Expending this amount of work on a freight car model only seems strange because it shines a spotlight on the level of mediocrity we now consider “normal.”
Do I follow what’s been done or pursue my own direction? In the arts, one must choose one’s own path. I read of a woodturner who brings his experience as an aeronautical engineer to the art. He constantly asks questions of himself. “What if I did this? What would happen if I altered that? Could I do it differently?” By asking and answering such questions and drawing upon his engineering knowledge, he is moving his skills and the art itself forward. His work is that of a master, yet he continues to push and challenge himself, having discovered something few “hobbyists” will ever know: the deeper you go into the work, the more compelling it becomes.
Are you following someone else’s vision or pursuing your own?
Art sometimes changes the viewer but always changes the artist. One of the most interesting articles I’ve read was about the students of a wooden boat building school. I’m not just talking about rowboats and canoes, but seagoing wooden vessels built in the old school traditions. Many of these students enter the program with zero woodworking experience, coming from a variety of past jobs and experiences. Some come to learn a trade, others to find something they haven’t defined yet. All of them leave the program as changed people.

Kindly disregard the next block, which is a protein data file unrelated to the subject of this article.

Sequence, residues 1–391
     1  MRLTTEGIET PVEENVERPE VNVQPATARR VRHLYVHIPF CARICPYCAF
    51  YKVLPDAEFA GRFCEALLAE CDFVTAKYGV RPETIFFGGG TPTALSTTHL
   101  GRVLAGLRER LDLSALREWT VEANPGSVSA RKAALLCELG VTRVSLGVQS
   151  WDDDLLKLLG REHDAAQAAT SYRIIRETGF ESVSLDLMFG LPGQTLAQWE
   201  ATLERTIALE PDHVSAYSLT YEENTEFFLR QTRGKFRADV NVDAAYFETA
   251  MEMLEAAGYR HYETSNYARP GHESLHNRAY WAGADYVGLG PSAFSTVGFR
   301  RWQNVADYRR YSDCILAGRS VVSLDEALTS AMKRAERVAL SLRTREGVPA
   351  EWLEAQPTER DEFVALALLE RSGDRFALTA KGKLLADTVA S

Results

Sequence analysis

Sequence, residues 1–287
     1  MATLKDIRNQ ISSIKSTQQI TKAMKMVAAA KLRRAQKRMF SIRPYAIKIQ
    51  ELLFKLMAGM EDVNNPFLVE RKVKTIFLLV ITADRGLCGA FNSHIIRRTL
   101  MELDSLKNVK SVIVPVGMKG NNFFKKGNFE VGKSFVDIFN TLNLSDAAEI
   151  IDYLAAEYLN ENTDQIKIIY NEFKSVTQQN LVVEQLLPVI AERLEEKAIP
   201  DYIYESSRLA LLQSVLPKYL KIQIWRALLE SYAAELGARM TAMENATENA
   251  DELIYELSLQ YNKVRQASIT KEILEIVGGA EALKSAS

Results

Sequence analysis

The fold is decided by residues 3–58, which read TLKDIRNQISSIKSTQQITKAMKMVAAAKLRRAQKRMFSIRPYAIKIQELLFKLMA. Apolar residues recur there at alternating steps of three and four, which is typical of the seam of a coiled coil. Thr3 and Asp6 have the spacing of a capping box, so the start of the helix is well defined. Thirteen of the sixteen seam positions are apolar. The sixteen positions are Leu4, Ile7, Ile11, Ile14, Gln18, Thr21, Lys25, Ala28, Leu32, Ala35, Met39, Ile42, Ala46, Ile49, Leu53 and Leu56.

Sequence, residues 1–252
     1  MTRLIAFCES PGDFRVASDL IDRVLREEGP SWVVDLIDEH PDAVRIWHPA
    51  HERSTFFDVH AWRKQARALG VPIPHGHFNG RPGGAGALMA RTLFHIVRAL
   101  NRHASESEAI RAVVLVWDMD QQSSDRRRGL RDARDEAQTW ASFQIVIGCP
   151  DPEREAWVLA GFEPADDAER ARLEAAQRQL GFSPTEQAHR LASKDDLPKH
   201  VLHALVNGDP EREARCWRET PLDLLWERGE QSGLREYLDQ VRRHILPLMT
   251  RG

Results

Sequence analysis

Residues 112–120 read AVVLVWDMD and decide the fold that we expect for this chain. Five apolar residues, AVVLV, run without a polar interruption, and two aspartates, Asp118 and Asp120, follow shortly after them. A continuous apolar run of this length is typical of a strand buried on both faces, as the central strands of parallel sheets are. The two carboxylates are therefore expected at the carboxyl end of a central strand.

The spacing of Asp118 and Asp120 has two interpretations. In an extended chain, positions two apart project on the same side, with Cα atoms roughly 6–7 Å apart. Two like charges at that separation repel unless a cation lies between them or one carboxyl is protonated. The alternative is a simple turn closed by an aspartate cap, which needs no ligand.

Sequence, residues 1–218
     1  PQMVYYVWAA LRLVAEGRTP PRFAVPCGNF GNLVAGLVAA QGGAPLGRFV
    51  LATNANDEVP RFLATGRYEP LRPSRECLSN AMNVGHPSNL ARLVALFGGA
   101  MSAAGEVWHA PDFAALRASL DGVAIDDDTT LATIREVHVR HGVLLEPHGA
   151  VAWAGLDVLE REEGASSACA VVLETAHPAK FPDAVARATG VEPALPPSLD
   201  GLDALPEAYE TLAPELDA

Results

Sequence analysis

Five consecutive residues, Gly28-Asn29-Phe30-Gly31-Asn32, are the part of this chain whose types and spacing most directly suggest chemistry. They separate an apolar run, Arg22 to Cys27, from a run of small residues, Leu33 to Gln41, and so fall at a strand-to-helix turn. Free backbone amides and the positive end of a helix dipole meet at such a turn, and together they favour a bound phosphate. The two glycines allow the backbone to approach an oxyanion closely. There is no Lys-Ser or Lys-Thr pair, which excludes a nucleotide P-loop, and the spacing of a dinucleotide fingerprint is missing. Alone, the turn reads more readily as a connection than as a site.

They have learned more than the skill of working wood, they’ve received the gift of knowing themselves. The gift of knowing they are capable of doing far more than they once believed. The gift of knowing they can pursue excellence in and dedication to their work and that such qualities are worth pursuing, because they bring rewards in other ways.
How has railroad modeling changed you? Are you a different person having participated in this craft or are you the same? Have you learned anything or sold yourself short by giving up before you even tried? This is why I call scratchbuilding a gift you give to yourself. It’s why I emphasize close observation and study of the real world.
It’s taken me decades to get here but now I see this as an art form that offers rich rewards to those who bring a disciplined work ethic and a student’s desire to learn. We are free to choose our pursuit of this craft. The casual hobbyist will always be with us, along with the weekend painter and woodworker but, the opportunity to go further is always there.
A reader once commented that my views aren’t mainstream. No they aren’t because the “mainstream” leaves me unmoved and unenthused. If you want mainstream thinking, there is no shortage of places to find it. This blog isn’t one of them.
Interesting and thought provoking as always.
I do think model railways pose the additional challenge of requiring skills and knowledge that cut across multiple disciplines. But then I guess it can be said that most true artists understand both the technical,craft aspects of what they are doing and the artistic dimension as well.
True arts also depend, to some degree, on a body of critical knowledge. This is where I think our hobby is weakest. we have plenty of critics, but it always tends to be based on personal viewpoints..
Yes. Constructive, focused criticism is rare as you suggest. Far too many experts and not enough humility to say “I don’t know. Tell me more.”
To your first point, artists are comfortable with ambiguity, with not knowing how a thing will turn out. This state of not knowing the outcome is uncomfortable for many.